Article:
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A Companion to The Doctrine of the HertThe Middle English Translation and its Latin and European Contexts$
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Denis Renevey and Christiania Whitehead

Print publication date: 2010

Print ISBN-13: 9780859898218

Published to Liverpool Scholarship Online: May 2014

DOI: 10.5949/liverpool/9780859898218.001.0001

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date: 12 December 2018

‘Comfortable Wordis’ – The Role of the Bible in The Doctrine of the Hert1

‘Comfortable Wordis’ – The Role of the Bible in The Doctrine of the Hert1

Chapter:
(p.109) 4 ‘Comfortable Wordis’ – The Role of the Bible in The Doctrine of the Hert1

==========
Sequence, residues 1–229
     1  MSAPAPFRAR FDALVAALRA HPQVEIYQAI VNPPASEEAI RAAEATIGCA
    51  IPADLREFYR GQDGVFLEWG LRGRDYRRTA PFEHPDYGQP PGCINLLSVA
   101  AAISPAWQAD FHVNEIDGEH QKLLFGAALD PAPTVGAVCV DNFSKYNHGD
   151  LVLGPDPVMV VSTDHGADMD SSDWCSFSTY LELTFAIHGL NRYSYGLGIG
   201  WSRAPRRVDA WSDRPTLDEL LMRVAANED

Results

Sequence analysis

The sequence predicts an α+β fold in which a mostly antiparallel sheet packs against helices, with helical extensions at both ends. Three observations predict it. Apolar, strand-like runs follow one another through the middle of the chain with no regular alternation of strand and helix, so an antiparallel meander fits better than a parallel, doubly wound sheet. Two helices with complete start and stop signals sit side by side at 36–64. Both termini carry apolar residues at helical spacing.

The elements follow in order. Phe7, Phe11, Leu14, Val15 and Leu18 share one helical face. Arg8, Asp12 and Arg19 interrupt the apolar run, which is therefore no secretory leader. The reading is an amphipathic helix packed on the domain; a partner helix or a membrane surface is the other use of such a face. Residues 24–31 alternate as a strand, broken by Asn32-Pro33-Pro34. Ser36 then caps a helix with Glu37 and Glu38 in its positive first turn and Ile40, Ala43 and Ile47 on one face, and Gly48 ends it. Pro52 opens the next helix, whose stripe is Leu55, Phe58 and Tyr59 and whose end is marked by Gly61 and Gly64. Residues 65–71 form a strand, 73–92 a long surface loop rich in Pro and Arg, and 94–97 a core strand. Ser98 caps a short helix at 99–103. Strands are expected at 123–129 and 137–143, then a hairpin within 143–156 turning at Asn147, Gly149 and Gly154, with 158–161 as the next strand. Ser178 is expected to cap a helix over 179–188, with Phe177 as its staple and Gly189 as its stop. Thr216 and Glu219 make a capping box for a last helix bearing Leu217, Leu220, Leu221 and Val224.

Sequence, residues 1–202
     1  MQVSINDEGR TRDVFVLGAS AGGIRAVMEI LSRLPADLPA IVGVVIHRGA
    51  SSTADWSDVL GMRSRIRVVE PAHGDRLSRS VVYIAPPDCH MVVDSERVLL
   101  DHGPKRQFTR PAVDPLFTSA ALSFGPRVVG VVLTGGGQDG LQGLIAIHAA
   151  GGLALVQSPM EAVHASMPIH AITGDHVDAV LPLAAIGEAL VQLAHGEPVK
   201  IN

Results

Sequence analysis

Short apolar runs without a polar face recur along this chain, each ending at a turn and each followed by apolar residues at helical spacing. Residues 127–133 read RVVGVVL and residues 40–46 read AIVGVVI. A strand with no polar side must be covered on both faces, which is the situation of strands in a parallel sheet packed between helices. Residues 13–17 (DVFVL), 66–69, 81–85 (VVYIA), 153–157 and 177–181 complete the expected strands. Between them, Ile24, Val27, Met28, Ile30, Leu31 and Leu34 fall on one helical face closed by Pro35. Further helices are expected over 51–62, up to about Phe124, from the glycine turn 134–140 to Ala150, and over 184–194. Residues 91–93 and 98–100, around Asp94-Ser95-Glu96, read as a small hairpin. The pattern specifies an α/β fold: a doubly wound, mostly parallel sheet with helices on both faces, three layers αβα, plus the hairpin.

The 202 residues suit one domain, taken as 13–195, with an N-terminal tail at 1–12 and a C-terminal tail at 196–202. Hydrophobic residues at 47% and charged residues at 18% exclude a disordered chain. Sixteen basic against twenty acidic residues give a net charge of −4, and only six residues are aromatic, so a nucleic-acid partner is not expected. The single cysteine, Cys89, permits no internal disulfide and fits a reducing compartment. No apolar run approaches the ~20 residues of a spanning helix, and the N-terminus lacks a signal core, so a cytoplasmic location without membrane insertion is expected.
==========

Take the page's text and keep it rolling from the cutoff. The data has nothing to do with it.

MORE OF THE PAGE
Source:
A Companion to The Doctrine of the Hert
Author(s):

Annie Sutherland

Publisher:
Liverpool University Press
DOI:10.5949/liverpool/9780859898218.003.0005

The thirteenth-century Latin treatise De doctrina cordis (The Doctrine of the Hert) emphasises spiritually efficacious language, explicitly equating words that comfort with words that feed. The Middle English version of De doctrina is known for its similar emphasis on words that both comfort and sustain. Both translations also liken God's Word to the sweet sound emitted by chiming silver. Like the vast majority of Christian devotional writing of the Middle Ages, De doctrina is organised around biblical quotation and supporting patristic allusion, and displays overt reliance on the Vulgate text of the Bible. It appears to be more reliant on Old Testament sapiential literature than other contemporary Middle English devotional texts.

Keywords:   sapiential literature, De doctrina cordis, devotional writing, biblical quotation, patristic allusion, Bible, Old Testament

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